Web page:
Una Voce a big hit on the river from WWI until mid-60s

Bruce King's launch at Una Voce c1930s. Courtesy of Juniors on Hawkesbury resort at Lower Portland.
Bruce King's launch at Una Voce c1930s. Courtesy of Juniors on Hawkesbury resort at Lower Portland.

Bruce King’s Una Voce Tourist Resort at Lower Portland was one of the most renowned guest houses on the Hawkesbury River from the 1920s through to the 1960s.

Bruce purchased the property from George Gosper in about 1915, as in 1947 King comments that he ‘bought property on the Hawkesbury at Lower Portland over 30 years ago’ and it is recorded “that Mr George Gosper has sold his property, the buyer being Mr Bruce King of Ashfield”.

Ted Lawler, a former licensee manager, comments that Bruce King and Frederick McKinlay bought the property in partnership. Bruce married Jessie May Dunstan in 1908 and Fred married Elizabeth Jane Dunstan in 1910: both were daughters of William Dunstan and Mary Lamb, and granddaughters of John Lamb and Alice Wall from Lower Portland, so they had connections with pioneer families on the Hawkesbury.

Ted Lawler records that “disagreements arose, so Bruce purchased Fred’s share – and aptly named the guesthouse ‘Una Voce’, meaning ‘One Voice”.

Bruce’s 28-foot boat, the Signet, equipped with a steam engine, was sailed out from England – and used for ferrying guests across the river.

Extensive renovations were carried out on the guesthouse in 1937 and by 1945, guests had access to “60 acres of fruit trees, bush trees, recreation hall, tennis, riding, boating, swimming, Greens and Putting Greens” all for 14 shillings a day and 16 shillings a day over Christmas and Easter holidays. Entrepreneurial Bruce ran a bus from Sydney to Una Voce for people staying at the guesthouse.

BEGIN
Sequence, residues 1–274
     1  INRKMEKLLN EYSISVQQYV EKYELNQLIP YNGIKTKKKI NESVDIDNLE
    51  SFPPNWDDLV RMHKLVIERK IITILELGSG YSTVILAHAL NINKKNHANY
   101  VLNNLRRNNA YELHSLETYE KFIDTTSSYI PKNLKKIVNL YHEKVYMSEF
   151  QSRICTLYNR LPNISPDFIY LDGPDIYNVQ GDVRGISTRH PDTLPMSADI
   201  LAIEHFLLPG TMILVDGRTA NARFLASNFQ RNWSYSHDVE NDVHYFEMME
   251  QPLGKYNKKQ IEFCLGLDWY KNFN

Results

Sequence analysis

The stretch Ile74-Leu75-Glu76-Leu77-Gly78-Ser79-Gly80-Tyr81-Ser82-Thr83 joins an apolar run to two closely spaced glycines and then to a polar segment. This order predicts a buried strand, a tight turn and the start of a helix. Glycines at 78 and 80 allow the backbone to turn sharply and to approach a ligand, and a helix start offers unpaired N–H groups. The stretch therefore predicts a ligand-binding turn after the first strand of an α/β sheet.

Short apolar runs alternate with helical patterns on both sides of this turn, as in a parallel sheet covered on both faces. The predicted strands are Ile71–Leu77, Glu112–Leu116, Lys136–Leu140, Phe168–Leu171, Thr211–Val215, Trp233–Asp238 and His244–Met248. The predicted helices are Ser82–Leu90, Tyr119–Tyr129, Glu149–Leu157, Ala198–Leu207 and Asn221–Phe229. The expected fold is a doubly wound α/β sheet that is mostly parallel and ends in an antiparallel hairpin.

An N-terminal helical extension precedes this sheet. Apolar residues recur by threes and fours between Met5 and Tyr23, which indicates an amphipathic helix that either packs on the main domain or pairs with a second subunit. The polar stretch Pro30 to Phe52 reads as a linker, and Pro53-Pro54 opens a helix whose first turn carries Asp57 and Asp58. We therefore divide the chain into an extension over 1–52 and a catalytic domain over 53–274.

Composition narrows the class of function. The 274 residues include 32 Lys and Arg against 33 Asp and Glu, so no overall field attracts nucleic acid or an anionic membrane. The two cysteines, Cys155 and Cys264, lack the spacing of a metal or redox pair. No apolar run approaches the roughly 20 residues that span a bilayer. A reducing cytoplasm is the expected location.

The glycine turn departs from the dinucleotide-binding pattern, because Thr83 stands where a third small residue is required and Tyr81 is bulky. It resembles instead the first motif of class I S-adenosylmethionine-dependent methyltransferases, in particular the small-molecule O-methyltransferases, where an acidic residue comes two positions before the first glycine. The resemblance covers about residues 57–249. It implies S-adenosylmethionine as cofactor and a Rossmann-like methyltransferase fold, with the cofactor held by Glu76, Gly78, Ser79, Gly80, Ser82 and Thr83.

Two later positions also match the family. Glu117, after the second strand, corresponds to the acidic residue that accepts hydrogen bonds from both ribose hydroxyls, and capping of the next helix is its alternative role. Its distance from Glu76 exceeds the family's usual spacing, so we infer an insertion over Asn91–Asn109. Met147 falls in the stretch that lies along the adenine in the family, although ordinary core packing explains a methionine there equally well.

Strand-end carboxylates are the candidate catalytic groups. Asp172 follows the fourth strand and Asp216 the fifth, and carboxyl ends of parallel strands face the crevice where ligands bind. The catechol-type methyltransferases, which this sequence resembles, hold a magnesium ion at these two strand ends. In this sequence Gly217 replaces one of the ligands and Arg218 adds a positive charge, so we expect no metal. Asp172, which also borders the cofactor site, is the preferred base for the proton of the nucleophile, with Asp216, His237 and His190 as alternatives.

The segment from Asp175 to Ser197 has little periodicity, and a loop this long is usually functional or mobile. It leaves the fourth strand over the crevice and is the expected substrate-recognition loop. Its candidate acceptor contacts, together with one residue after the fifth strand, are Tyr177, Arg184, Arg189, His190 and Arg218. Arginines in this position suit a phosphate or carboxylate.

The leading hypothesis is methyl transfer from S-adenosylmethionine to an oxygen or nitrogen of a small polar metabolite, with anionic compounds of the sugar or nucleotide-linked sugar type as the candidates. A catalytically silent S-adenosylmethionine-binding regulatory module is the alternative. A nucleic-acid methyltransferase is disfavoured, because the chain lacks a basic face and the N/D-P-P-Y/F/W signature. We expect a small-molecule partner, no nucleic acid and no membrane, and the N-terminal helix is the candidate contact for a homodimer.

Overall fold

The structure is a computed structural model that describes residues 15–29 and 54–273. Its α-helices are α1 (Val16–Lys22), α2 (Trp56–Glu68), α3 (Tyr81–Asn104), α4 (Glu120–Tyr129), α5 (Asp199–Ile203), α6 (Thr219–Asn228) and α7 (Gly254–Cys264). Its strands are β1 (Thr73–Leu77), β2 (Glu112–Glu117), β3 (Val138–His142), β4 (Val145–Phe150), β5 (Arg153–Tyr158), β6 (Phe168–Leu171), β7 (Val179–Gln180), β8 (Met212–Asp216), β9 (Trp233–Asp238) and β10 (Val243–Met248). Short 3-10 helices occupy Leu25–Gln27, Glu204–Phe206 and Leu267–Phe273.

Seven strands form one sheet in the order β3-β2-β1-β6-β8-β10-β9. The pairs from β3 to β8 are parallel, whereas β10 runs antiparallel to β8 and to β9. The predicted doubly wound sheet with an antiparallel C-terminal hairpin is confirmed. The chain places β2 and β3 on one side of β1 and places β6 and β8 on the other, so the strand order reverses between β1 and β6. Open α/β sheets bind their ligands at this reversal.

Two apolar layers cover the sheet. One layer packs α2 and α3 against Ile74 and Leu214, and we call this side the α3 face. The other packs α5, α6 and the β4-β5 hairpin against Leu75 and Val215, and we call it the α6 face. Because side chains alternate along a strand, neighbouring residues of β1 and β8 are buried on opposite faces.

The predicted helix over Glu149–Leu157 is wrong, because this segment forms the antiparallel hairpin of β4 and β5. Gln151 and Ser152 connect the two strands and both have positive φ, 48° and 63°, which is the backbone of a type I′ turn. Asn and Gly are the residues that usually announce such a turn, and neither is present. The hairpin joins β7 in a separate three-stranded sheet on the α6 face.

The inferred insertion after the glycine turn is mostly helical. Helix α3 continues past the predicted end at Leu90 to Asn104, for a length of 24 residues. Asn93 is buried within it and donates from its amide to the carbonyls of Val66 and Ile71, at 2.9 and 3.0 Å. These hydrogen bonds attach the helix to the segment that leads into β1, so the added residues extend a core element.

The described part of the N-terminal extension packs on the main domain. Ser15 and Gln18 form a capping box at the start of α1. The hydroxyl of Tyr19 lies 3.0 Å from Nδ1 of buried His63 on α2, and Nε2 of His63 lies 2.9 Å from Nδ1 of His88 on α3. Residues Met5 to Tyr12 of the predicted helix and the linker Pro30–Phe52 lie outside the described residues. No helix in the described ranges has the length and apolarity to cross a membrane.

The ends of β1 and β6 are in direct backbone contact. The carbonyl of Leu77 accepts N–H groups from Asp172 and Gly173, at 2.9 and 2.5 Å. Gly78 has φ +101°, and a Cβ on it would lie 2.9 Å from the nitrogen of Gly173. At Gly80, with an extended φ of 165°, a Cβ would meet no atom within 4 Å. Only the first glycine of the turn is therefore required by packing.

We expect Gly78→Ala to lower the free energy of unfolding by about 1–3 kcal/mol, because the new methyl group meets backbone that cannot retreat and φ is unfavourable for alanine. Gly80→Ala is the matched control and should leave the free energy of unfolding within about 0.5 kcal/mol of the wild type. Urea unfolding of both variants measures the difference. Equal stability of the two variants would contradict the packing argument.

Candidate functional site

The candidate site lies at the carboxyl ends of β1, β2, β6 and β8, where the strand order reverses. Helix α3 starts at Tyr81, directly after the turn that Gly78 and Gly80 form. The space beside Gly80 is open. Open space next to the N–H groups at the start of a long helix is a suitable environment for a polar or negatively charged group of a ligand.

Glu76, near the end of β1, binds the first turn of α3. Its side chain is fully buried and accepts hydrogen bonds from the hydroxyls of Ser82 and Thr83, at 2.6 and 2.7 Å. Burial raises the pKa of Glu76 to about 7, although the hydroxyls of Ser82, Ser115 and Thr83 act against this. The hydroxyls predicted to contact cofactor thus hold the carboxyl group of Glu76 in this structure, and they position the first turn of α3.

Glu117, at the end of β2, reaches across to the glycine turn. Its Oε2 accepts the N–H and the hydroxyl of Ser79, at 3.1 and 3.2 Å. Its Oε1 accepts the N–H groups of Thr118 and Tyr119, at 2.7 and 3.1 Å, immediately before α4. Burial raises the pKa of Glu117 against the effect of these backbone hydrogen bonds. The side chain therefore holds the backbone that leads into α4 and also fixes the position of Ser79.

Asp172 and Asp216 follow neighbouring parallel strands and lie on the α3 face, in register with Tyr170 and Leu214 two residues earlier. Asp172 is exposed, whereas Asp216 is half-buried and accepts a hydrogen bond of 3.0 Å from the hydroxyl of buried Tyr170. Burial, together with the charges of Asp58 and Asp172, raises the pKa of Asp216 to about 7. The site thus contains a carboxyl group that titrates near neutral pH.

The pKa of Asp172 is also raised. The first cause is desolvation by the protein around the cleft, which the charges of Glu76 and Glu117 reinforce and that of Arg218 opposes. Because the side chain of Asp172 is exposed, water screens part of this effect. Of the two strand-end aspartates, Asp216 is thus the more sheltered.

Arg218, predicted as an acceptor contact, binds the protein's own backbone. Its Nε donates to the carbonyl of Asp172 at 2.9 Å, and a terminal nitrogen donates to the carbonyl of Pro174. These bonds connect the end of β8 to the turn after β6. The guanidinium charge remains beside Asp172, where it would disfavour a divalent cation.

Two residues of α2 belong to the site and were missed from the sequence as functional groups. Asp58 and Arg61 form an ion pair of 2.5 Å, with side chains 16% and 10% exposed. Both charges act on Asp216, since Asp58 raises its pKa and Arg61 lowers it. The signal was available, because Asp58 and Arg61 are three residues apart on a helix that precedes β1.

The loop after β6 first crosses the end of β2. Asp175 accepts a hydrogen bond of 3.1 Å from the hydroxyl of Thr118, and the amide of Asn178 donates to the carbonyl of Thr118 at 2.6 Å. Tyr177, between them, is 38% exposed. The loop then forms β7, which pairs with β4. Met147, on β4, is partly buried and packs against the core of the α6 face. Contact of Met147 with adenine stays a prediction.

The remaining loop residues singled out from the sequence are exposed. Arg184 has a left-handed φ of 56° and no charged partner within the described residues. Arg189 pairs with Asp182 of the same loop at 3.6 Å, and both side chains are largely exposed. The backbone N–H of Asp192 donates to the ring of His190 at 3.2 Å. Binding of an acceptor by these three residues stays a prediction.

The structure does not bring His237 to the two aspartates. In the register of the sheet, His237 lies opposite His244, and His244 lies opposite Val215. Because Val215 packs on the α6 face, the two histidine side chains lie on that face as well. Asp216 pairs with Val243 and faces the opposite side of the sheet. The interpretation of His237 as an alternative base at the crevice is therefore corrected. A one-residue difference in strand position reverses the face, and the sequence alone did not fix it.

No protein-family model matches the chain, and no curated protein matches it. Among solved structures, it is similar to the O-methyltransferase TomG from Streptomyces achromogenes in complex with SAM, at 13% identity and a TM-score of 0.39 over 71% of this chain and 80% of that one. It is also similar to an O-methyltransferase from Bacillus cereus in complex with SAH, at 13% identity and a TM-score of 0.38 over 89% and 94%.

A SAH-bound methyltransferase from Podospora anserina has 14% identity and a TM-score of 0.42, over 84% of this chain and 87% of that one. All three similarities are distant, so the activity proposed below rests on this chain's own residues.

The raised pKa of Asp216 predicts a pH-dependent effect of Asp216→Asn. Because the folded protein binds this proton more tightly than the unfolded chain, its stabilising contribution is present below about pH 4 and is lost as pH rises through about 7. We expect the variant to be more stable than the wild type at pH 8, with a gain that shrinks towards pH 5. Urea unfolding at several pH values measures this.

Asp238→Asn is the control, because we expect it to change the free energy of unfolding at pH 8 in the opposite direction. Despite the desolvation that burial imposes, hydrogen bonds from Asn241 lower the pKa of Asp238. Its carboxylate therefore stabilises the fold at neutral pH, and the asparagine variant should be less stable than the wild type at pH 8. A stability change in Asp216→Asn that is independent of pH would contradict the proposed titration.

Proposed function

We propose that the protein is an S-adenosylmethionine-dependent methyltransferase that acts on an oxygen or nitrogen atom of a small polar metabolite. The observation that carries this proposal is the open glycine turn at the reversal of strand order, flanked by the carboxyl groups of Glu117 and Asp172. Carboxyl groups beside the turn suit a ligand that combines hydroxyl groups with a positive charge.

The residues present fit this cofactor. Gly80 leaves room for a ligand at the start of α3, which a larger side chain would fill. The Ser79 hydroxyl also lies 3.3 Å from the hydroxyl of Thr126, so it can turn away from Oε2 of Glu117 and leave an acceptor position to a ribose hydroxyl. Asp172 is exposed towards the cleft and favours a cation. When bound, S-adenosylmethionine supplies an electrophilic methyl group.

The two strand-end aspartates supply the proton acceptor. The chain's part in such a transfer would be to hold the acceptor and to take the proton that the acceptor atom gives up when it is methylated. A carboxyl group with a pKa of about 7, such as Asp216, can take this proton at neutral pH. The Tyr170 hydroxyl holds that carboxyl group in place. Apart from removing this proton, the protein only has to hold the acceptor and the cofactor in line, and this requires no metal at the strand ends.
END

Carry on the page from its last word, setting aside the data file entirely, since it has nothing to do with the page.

Bruce and Jessie and their two daughters, Phyllis and Elva took an active role in community life on the river and there were many concerts, receptions and tennis parties held at Una Voce.

Bruce was active on various committees, such as president of the Lower Portland Agricultural Bureau, secretary of the Hawkesbury River Cooperative Transport Company, vice-commodore of the Sackville Motor Boat and Water Skiing Club, Hawkesbury delegate to the Fruitgrowers’ Association and on the Hawkesbury-Nepean Tourist Region Association.

Always generous, Bruce supplied citrus fruit to many local families during the Depression and through the war years and the family collected nearly $2000 from holiday-makers at Una Voce for the Prisoners of War and Patriotic funds through World War II.

Bruce died in 1965 aged 79 and is buried in Lower Portland Cemetery. Nearby, a plaque commemorates Jessie, his wife, who died in 1971.

Una Voce was then bought by South Sydney Juniors Rugby League Club. The guesthouse was demolished in 1972 and the 33-room Souths Juniors Tourist Hotel was built at a cost of $500,000. Now known as Juniors on Hawkesbury, the resort continues to operate as a guesthouse and is popular with groups of all ages.